This blog post is dedicated to the Alderley Cami (pattern by Sew Over It) which, when I looked at the instructions, looked like one of the most daunting pieces of clothing I might ever choose to make. The words “cut on the bias” sent chills down my spine, knowing that this was going to be tricky. Cutting on the bias means that the fabric is a lot easier to stretch out of shape and needs more delicate handling than some of the other things I’d done so far. This meant changing the gung-ho tactics on the sewing machine and being slightly more skilled with handling the fabric.
My original plan on a Friday afternoon felt reasonable.
- Get the fabric cut today.
- Leave the cut pieces on the table over the weekend
- Start sewing the top on Monday
I stuck the pattern pieces together** over what felt like half a day and looking at the lay plan had my fabric folded and the pieces lined up ready to go. Something made me just quickly check the online video before I decided to cut it only to find that the guidance was not to fold the fabric when cutting on the bias, but to cut most of it except for the longest edge, flip it over and cut the rest again.
So I watched the cutting guide, corrected my technique and cut out the pattern pieces. Bingo – ready to go for Monday, and thinking nothing more of it I put them on the table and went about my business. However, at around 10pm, something made me heed my own advice and I thought I’d just have a quick preview of the video tutorials in full to see what lay ahead of me after the weekend. Video 2 – stay stitching. “Make sure you do this straight after you cut fabric on the bias as the fabric can lose its shape or stretch a bit” – OH GREAT! Then came visions of fabric that had doubled in width or resembled something different. Change of plan then – revisit the stay stitching step first thing in the morning, because I don’t think I could get away with going downstairs to do it at 10pm.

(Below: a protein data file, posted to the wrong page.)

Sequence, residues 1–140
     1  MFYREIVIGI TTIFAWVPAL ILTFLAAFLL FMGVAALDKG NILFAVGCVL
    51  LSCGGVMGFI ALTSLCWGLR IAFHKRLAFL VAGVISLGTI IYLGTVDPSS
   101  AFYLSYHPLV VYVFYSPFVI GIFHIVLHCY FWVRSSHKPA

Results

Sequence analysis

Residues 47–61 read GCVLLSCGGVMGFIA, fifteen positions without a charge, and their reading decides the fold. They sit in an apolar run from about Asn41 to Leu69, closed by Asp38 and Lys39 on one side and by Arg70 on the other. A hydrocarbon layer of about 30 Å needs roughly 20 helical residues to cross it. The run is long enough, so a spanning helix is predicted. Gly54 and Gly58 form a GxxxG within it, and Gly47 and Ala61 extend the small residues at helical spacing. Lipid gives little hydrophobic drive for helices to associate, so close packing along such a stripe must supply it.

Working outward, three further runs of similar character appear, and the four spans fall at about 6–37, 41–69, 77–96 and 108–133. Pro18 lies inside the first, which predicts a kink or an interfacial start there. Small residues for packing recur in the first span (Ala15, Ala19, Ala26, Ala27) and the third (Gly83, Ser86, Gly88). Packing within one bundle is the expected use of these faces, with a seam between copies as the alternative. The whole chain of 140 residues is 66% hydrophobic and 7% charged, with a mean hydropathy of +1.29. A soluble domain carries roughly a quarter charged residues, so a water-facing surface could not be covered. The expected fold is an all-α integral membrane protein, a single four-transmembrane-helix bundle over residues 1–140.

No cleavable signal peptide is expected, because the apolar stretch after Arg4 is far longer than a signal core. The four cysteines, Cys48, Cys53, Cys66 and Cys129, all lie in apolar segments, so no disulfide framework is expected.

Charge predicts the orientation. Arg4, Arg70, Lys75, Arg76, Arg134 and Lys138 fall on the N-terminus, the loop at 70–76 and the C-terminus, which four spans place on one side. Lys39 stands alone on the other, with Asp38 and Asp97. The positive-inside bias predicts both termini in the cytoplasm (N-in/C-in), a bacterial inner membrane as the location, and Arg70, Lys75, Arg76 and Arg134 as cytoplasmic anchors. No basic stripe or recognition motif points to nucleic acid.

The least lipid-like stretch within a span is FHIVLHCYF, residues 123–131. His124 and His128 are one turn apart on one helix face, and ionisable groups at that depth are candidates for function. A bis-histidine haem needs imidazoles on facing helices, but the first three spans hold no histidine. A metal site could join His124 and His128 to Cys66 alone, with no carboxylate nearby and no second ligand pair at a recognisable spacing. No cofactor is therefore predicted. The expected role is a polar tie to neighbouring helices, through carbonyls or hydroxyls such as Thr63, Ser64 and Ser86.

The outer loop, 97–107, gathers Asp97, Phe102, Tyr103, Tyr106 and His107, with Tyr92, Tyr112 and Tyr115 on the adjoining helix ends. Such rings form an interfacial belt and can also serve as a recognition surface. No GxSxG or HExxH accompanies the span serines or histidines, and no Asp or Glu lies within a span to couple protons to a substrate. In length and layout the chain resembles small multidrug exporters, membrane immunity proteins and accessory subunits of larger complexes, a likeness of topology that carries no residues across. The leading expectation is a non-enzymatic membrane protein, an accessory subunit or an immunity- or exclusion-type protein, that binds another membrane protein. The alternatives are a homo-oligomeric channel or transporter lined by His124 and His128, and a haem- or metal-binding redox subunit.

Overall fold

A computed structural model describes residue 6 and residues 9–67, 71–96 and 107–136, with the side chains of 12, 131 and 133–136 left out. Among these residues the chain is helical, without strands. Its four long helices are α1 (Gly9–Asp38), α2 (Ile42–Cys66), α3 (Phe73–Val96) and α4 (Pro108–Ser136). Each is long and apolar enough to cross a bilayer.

I wouldn’t say I lost sleep over some sewing, but I was awake ridiculously early and all I could think about was the fact I hadn’t stay stitched that damn top. At around 8am, I decided I’d quickly tackle that part, and then go back to the original Monday sewing plan. As any of you know, whether it be sewing or something else, it’s sometimes really hard to find a good point to stop. While I had everything set up, I kept thinking that I might as well just do the next bit which was bust darts – and they were haunting me just as much as the top itself. Fast forward to 3pm, and I had the full top made, including the binding with just the hem to finish, as I had actually read ahead and noted that I would need to leave it to hang at least overnight before I could completely finish it.
When I again took my own advice, watched the videos and realised that I had used the type of coat hanger that Lisa recommended not to use, I swiftly changed it to a different one. With the panic hanger switch over completed, and a clearer view of what was left, I slept a lot better on Saturday night!
I’d got the bug! I finished the hem. A fiddly one but it looked fantastic once I’d finished. Paired with the Pyjama shorts, I now had my first ever fully hand made set of Pyjamas, and they actually fit me too. There’s a feeling that you just can’t beat!
Once I’ve received my A0 printed patterns, I’m moving onto some cotton jersey to try out different fabrics and techniques. Until then though, time for some other mini projects to keep me learning.
** Side note. I’m currently using A4 pdf patterns, printing and sticking them together but have just ordered a bulk of printed A0 ones so that I don’t have to sprawl out on the floor for hours with the sellotape and scissors before I can do any actual fabric cutting! Learned very quickly that A4 patterns are great for the smaller items, but awful for anything bigger than 4 pages wide.